This complex process initially involves the recognition and interaction of endothelial cell adhesion molecules with their specific ligands on leukocytes. The capture and the removal of the leukocytes from the flowing blood, as well as the subsequent rolling of the leukocyte along the vessel wall, are due to the reversible binding of selectins which are found on both the leukocytes and the endothelial cell surface. Arrest and firm adhesion of leukocytes to endothelium is dependent on the activation of b2 integrins including Mac-1 or LFA-1 on the leukocyte cell surface, followed by interaction with endothelial cell proteins belonging to the immuno-globulin superfamily such as ICAM-1.
We have used gene regulatory networks to identify novel regulatory hubs genes involved in the inflammatory response in human umbilical endothelial cells (HUVECs). To assess the potential role of these genes we have used a leukocyte adhesion assay to model this complex process and looked at the response of the endothelium following RNAi knockdown of the selected genes. We have used primary peripheral blood mononuclear cells (PBMCs) and a number of leukocyte cell lines (HL60, JY and U937) which differ in their adhesion ligands.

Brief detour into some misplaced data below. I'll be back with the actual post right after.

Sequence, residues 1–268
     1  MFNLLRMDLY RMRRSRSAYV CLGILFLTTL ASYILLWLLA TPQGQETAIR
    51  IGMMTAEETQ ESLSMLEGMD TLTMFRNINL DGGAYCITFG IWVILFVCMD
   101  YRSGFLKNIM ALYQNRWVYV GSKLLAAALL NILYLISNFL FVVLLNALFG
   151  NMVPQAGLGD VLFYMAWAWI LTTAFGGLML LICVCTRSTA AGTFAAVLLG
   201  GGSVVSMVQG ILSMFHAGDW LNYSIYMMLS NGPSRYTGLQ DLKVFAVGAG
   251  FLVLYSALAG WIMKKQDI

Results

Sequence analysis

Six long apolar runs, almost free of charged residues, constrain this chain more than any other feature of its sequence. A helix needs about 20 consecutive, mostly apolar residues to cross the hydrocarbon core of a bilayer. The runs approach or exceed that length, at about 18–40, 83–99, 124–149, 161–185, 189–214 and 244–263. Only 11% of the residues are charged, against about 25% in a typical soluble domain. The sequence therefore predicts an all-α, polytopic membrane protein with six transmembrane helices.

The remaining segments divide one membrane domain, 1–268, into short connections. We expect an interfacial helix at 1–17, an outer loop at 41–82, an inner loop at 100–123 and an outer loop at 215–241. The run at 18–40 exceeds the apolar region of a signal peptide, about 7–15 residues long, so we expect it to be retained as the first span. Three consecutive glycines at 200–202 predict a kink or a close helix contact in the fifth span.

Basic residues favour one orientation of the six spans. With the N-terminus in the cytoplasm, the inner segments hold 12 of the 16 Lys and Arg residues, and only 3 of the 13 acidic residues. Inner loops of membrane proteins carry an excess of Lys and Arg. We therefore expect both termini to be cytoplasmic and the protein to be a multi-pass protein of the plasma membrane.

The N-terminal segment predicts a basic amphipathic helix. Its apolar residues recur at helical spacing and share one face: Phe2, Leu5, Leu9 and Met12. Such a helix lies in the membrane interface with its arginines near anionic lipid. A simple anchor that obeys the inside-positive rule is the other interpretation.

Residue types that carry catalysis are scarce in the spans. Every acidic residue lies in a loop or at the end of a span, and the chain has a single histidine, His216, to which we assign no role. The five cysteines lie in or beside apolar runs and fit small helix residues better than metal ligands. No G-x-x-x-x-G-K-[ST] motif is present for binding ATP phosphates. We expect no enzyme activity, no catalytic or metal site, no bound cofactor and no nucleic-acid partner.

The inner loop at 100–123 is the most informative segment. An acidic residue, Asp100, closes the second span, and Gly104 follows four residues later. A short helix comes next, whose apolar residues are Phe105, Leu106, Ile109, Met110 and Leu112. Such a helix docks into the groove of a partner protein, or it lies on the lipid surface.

All measurements were done using a multimode microplate reader from BMG LABTECH.
Materials & Methods
The materials were purchased from the following manufacturers:
- BMG LABTECH microplate reader
- siRNA on-target reagents from Dharmacon, Perbio
- Cell tracker Green dye from Invitrogen Microplates, black 96-well from Greiner
- Tissue culture media from Lonza
- HL60.Ast and JY cell lines from ECACC
- TNFa recombinant protein from R&D systems